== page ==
The first big update to Windows 10, which should be arriving today via Windows Update, fixes a lot of problems with Windows 10. Microsoft is streamlining activation, restoring colored window title bars, integrating Skype, and improving the Edge browser. But they’ve also added advertisements to the Start menu.

This release was referred to as “Threshold 2” in development — Windows 10 itself was “Threshold.” It’ll report itself as version “1511”, as it was released in the eleventh month of 2015. It’ll arrive through Windows Update – not through the Store, as Windows 8.1 did.

Editor’s Note: this article was written a few weeks ago but we’re republishing it today because the new update  has just been released.

You Can Activate Windows 10 with a Windows 7, 8, or 8.1 Product Key

RELATED: How to do a Clean Install of Windows 10 the Easy Way

Windows 10 activation has been a confusing mess. When it was originally released, Microsoft didn’t really explain how the upgrade process worked. We did the research and explained how to clean install Windows 10, which was an unnecessarily confusing process. Later, Microsoft posted documentation to its website in an attempt to explain this stuff.

Activation now works as it should have originally. When you install Windows 10, you can enter your PC’s Windows 7, 8, and 8.1 product key and it should activate properly if that PC was eligible for the upgrade.

The “digital entitlement” process — where your PC activates automatically without entering a product key — is also better explained. Under Settings > Upgrade & security > Activation, you’ll now see “Windows 10 on this device is activated with a digital entitlement” if it activated without requiring a product key.

Colored Title Bars Are Back

Colored title bars are back, so you don’t have to perform obnoxious hacks if you don’t like those standard white title bars. Just visit Settings > Personalization > Colors and ensure the the “Show color on Start, taskbar, action center, and title bar” option is enabled. The color you choose here will be used for your title bars.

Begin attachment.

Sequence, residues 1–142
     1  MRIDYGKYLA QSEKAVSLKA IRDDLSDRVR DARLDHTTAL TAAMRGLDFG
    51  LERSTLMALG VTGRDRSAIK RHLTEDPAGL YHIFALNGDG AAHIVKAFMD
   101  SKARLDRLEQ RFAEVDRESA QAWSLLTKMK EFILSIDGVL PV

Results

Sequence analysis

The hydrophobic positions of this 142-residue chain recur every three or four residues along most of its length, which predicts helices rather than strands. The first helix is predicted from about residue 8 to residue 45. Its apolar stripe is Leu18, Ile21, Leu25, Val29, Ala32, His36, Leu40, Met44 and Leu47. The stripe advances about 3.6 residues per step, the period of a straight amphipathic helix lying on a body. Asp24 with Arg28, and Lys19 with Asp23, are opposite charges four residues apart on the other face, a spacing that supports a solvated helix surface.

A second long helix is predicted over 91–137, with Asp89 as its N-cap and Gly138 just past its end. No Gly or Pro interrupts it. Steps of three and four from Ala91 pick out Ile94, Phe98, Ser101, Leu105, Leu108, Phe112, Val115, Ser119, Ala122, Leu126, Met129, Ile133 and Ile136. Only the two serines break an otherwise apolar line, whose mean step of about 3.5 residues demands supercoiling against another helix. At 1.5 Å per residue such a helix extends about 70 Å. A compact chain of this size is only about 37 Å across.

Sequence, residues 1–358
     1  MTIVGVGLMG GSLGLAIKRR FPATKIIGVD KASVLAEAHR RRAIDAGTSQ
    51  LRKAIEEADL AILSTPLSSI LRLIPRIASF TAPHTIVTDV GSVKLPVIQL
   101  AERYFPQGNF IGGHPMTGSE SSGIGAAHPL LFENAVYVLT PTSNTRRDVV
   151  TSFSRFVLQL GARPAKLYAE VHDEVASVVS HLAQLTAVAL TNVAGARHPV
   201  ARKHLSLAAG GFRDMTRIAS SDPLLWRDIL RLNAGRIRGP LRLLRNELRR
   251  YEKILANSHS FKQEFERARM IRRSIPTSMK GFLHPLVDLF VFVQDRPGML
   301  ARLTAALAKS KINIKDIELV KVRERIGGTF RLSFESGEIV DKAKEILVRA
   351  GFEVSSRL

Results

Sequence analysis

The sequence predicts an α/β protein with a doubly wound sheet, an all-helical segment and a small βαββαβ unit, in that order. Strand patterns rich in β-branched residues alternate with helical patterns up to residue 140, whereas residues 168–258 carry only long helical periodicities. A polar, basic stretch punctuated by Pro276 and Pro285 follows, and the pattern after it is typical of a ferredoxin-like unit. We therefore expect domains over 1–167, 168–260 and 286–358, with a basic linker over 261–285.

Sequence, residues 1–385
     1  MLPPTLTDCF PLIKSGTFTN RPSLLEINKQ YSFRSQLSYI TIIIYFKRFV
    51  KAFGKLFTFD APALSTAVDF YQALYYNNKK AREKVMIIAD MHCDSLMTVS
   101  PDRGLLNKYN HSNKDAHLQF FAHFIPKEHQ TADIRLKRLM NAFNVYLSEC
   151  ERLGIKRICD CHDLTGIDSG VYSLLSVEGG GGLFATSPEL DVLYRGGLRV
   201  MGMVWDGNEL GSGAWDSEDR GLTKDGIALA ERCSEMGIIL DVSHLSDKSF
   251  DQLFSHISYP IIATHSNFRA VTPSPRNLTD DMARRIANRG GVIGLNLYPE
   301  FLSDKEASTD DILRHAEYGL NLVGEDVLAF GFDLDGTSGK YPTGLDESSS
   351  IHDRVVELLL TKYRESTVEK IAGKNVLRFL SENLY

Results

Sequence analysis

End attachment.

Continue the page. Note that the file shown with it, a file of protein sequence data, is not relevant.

The Start Menu Includes App Advertisements

RELATED: The Start Menu Should Be Sacred (But It's Still a Disaster in Windows 10)

The Start menu will now show you “occasional suggestions” recommending apps you should install when you open it. It’s just another feature that makes the Start menu noisy for Windows 10 users. But, like the app advertisements in Microsoft Edge, this feature encourages Windows 10 users to install and use more apps from the Store. Microsoft really wants that to happen.

You can disable these ads, if you like. Visit Settings > Personalization > Start and disable the “Occasionally show suggestions in Start” option.

Windows Can Natively Track Your Lost PC

Windows 10 now includes a “Find My Device” option under Settings > Update & security. This means Windows 10 finally has built-in tracking, so you can track your laptop or tablet if you lose it via GPS and location services — without using a third-party application like Prey. You can also tell Windows 10 to periodically send your device’s location to Microsoft’s servers, allowing you to view its last known location if you ever lose it.

Edge Gains Browser Sync and Tab Previews

RELATED: 11 Tips and Tricks for Microsoft Edge on Windows 10

Microsoft Edge was updated to a new version, and it features support for new HTML5, CSS3, and ECMAScript features in its engine. The big two user-facing features are tab previews — just mouse over a tab in the titlebar — and syncing of your favorites and reading list across all your Windows 10 devices.

Microsoft Edge won’t be receiving browser extensions yet, however — those have been delayed. And, interestingly enough, Microsoft isn’t updating Edge via the Store as originally promised. Edge updates seem to be held back for major new versions of Windows 10, unlike Windows 10’s other included apps, which are updated more regularly.

Skype (and Sway) Are Integrated

Windows 10 Fall Update includes a few new apps. The big three are Skype Video, Messaging, and Phone. These three apps all use Skype’s service — for video calls, text chat, and audio calls — replacing the big Skype “Metro” app offered for Windows 8.